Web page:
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What if I'm Not the Father?

What if I'm Not the Father?

Being a parent is a huge responsibility and it’s not something to be taken lightly. In fact, many would argue that it’s more important than marriage. You can divorce a spouse but you don’t divorce your children.

We all know how easy it is to become a parent. You can know someone for one night and end up having a child with them. So, with dating comes responsibility. All adults must realize that a fling could turn into a lifelong commitment if it results in pregnancy.

Are you a man who is being told that he has gotten a woman pregnant? If so, it’s important that you understand your rights and responsibilities under Nevada’s paternity laws, particularly if a DNA test reveals that the child is in fact yours.

Understanding Paternity in Nevada

For starters, let’s discuss the term “paternity,” which simply means to make a child’s biological father the legal father as well. So, why is it important to establish paternity?

  • It gives the child’s father the right to enjoy the father-child relationship because paternity gives fathers child custody and visitation rights.
  • The child becomes entitled to child support.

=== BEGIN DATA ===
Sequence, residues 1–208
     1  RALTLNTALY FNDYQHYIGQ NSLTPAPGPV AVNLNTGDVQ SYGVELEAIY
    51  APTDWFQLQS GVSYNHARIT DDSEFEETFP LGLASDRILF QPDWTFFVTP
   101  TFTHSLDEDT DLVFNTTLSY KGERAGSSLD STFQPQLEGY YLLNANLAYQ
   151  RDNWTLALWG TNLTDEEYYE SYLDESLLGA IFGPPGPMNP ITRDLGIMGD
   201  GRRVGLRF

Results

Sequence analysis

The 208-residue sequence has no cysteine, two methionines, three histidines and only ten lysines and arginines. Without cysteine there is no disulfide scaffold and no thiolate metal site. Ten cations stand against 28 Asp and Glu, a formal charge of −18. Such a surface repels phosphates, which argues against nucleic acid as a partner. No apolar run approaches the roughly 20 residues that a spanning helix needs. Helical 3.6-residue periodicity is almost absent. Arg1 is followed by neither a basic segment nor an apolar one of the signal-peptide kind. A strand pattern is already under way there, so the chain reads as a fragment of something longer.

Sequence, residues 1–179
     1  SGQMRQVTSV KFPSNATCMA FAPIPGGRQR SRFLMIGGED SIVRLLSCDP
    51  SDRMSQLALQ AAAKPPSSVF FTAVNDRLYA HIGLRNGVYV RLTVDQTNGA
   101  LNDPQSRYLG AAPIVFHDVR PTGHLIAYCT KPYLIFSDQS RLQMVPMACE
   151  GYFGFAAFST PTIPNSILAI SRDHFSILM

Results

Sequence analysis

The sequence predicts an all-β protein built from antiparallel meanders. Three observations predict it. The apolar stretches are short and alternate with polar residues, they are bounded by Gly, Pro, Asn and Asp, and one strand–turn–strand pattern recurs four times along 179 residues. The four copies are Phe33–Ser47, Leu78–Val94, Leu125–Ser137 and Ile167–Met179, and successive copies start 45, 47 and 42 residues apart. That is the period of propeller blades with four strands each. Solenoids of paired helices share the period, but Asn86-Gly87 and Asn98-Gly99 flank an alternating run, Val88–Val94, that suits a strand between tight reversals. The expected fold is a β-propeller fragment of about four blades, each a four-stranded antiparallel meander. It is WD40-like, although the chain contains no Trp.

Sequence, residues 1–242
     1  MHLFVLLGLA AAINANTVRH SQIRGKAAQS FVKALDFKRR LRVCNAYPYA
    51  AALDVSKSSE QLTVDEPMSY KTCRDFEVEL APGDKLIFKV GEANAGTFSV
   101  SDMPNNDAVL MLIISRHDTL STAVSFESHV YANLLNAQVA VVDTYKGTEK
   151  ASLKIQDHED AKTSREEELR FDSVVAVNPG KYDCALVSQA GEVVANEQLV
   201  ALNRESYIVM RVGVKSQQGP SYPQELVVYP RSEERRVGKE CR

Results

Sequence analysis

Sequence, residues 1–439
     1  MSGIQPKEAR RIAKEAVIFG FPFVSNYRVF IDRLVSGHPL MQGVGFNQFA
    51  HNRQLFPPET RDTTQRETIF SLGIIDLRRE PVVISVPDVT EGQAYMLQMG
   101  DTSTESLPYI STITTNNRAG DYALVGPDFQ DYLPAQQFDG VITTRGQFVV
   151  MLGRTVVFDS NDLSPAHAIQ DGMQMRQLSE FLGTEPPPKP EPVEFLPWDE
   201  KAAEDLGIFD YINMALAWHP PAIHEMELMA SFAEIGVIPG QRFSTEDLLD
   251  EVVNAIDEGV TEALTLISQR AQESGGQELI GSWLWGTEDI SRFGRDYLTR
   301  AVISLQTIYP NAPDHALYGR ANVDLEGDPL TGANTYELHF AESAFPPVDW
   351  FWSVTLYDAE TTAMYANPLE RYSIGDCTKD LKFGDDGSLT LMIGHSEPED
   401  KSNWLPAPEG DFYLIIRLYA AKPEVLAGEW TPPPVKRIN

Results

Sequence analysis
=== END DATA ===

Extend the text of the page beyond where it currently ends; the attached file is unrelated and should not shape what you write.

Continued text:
• The child earns the right to inherit from his or her father.
  • The child obtains Social Security and insurance benefit rights.
  • The child can learn about their father’s medical history.

“How is paternity established in Nevada?” There are three main ways: 1) if the mother is married at the time of the child’s birth, her husband is considered the child’s legal father unless the court has issued an order stating that someone else is the child’s legal father, 2) the mother and alleged father sign a Voluntary Acknowledgement of Paternity, or 3) after a DNA test is performed a court declares a man the child’s biological and legal father.

What if I Refuse to Acknowledge Paternity?

Suppose a woman is claiming you’re the father of her child but you deny you’re the child’s father. In that case, the child’s mother or the Nevada State Division of Welfare and Supportive Services (if the child is on public assistance) can file a paternity action. This would mean the court would require you to submit to a DNA test to establish paternity, and from there a hearing would follow.

“Who pays for genetic testing?” The court decides, but usually it’s the alleged father who pays. “How long does the mother have to establish paternity?” In Nevada, paternity can be established any time from when the child is born until before the child’s 21st birthday.

Related: Establishing Paternity in Las Vegas

Need legal representation in a Nevada paternity or child custody case? Contact Leavitt Law Firm to meet with a Las Vegas child custody attorney.

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